Last December, Tucson Weekly ran an article by Tim Vanderpool about the Sonoran Science Academy charter schools: Hidden Agenda? Parents raise concerns that a Tucson charter school has ties to a Turkish nationalist movement.
Today, Tim Steller has a long, excellent piece in the Star about Sonoran Science. It's well researched, informative and even handed, one of those articles about a controversial subject where readers are given enough information to draw their own conclusions without unnecessary editorial intrusion by the writer.
[NOTE: I feel the need to repeat what I've said often before. Good reporters are a vital part of any city, state or country's informed existence. That's why I hope, to paraphrase Mark Twain, reports about the death of America's newspapers are greatly exaggerated. Steller has been doing excellent work lately. And, for all the fact that I have criticized Rhonda Bodfield -- rather harshly in the past few days -- I have said before and continue to maintain that Bodfield is an excellent journalist. When I feel she has strayed from good reporting, I call her on it and try to back up my criticisms so others can judge whether they're valid. But I hope no one thinks for a second I am claiming that people like me are anything like replacements for real journalists like Steller and Bodfield. I don't have the training, the resources or the time to do their jobs.]
OK, back to Steller's article about Sonoran Science Academy.
It's pretty clear students at these charter schools get excellent science and math educations. The schools are serious about their educational mission.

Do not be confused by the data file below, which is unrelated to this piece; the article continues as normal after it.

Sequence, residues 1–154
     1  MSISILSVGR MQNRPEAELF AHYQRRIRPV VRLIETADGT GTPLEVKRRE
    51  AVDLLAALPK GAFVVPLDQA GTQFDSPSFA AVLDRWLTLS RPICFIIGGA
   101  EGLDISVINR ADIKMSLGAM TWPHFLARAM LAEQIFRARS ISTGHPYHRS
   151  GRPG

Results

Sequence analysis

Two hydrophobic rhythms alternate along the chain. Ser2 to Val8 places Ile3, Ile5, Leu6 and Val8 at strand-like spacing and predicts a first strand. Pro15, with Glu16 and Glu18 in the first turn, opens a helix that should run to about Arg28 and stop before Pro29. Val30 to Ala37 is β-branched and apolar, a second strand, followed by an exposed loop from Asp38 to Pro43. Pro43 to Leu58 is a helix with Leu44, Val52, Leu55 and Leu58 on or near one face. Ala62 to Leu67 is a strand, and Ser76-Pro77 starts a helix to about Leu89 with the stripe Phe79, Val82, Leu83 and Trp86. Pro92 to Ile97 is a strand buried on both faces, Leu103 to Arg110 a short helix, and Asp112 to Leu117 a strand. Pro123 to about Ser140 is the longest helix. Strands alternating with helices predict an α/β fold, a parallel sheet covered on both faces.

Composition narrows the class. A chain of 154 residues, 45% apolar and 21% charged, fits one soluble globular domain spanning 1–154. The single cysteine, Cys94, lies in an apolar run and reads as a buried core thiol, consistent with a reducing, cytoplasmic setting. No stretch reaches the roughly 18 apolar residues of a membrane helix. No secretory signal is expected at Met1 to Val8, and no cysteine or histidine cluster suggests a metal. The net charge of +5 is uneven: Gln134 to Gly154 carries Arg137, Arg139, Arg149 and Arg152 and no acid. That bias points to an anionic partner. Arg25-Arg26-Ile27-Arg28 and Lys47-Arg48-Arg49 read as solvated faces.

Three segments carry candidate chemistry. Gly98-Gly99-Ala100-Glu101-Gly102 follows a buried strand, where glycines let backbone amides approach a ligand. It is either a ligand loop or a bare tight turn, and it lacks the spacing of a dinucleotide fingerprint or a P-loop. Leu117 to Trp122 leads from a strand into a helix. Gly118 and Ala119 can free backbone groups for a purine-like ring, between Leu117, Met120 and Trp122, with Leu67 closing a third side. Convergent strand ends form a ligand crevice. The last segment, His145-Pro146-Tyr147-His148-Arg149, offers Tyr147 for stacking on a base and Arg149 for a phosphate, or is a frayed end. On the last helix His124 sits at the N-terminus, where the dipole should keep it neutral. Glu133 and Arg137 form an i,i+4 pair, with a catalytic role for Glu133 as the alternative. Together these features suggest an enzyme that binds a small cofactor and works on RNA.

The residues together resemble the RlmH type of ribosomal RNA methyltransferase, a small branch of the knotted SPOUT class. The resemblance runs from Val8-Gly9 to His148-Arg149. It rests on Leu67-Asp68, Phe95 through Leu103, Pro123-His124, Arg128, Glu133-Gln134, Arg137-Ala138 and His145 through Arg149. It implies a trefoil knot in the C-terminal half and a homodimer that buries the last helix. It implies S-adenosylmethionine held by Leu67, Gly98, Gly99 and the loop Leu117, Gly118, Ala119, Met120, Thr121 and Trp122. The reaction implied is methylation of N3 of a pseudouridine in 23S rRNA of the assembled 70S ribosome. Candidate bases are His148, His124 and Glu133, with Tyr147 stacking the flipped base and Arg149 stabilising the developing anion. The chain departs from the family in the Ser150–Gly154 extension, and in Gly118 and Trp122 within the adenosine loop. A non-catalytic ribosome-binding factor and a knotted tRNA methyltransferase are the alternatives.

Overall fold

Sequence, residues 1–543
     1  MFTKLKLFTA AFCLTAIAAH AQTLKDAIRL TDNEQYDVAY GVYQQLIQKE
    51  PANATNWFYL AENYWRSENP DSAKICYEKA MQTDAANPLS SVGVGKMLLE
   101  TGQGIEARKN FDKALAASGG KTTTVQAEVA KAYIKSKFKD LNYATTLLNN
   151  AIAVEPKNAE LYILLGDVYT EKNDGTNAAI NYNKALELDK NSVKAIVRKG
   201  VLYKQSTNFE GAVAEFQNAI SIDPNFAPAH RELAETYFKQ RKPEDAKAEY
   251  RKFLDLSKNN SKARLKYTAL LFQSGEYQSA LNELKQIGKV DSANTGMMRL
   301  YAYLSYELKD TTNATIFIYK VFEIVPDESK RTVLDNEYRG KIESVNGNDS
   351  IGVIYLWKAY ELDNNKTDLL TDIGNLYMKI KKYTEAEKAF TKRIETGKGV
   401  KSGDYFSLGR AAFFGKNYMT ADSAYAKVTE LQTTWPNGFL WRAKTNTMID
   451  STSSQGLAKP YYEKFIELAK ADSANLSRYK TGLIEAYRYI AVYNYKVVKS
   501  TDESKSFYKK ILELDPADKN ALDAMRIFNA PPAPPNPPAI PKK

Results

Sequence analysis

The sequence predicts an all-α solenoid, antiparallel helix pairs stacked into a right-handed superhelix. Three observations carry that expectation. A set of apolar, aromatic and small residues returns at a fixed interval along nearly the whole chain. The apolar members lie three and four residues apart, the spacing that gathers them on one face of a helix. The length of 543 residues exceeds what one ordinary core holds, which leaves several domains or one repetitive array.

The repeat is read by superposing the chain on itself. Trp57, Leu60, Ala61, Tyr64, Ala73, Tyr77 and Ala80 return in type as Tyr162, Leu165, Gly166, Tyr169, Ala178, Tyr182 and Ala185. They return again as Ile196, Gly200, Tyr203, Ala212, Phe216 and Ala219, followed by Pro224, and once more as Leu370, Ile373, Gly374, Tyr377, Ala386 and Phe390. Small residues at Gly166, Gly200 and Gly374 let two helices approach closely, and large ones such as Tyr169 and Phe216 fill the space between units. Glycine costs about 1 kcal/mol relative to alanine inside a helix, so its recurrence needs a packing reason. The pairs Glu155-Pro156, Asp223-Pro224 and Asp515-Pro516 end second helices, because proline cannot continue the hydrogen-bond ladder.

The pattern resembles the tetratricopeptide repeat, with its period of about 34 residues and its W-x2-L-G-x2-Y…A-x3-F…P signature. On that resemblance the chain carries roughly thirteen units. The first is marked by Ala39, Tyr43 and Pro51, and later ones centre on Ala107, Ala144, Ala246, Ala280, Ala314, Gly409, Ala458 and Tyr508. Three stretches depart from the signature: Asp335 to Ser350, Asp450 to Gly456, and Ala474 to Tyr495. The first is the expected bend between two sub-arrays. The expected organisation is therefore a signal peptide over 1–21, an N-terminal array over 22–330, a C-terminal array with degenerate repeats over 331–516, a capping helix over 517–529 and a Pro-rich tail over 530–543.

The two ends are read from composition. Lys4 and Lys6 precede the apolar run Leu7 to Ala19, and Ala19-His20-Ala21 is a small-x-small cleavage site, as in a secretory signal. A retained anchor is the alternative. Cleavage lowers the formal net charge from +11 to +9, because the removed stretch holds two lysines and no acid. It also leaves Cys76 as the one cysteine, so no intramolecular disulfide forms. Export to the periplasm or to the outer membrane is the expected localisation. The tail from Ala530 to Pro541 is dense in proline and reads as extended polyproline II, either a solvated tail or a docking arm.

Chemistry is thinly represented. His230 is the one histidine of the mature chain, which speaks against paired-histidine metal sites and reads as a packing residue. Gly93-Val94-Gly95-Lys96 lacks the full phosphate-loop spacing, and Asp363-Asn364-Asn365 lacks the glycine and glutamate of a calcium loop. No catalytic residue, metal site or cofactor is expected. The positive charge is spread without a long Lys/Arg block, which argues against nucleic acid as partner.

It's also clear the schools have lots of teachers who were educated in Turkey -- 32%, by Steller's estimate -- and that both Turkish language and culture are taught at the school.
There's a legitimate question whether the schools are affiliated with The Gülen Movement, which is "inspired by Fethullah Gülen, who lives in exile in Pennsylvania." I won't try to summarize the movement, except to say it is described as a sinister movement by some and a Turkey-centric educational movement by others. I don't know enough to form an educated opinion.
If the Sonoran Science schools have a loose affiliation with The Gülen Movement, which the school's superintendent denies, there's a question as to whether that is necessarily a problem.
Months back, I received some semi-hysterical emails from people about Sonoran Science and its connections with Gülen. I followed the links they provided and found little more than innuendo and guilt by association, nothing I felt I could use to pin a negative label on the schools. If concerns about the school are valid, the critics need to do a better job of substantiating their claims.
I'm a big proponent of greater oversight of charter schools, but I see nothing at the Sonoran Science Academy charters that raises red flags. Parents who object to the undeniable Turkish influence in the schools can put their children elsewhere.
Look, we live in a demonstrably xenophobic state, yet the Sonoran Science schools seem to have no trouble attracting students, even with so many foreign born teachers. For me, that's an indication the schools are doing a good job educating their students.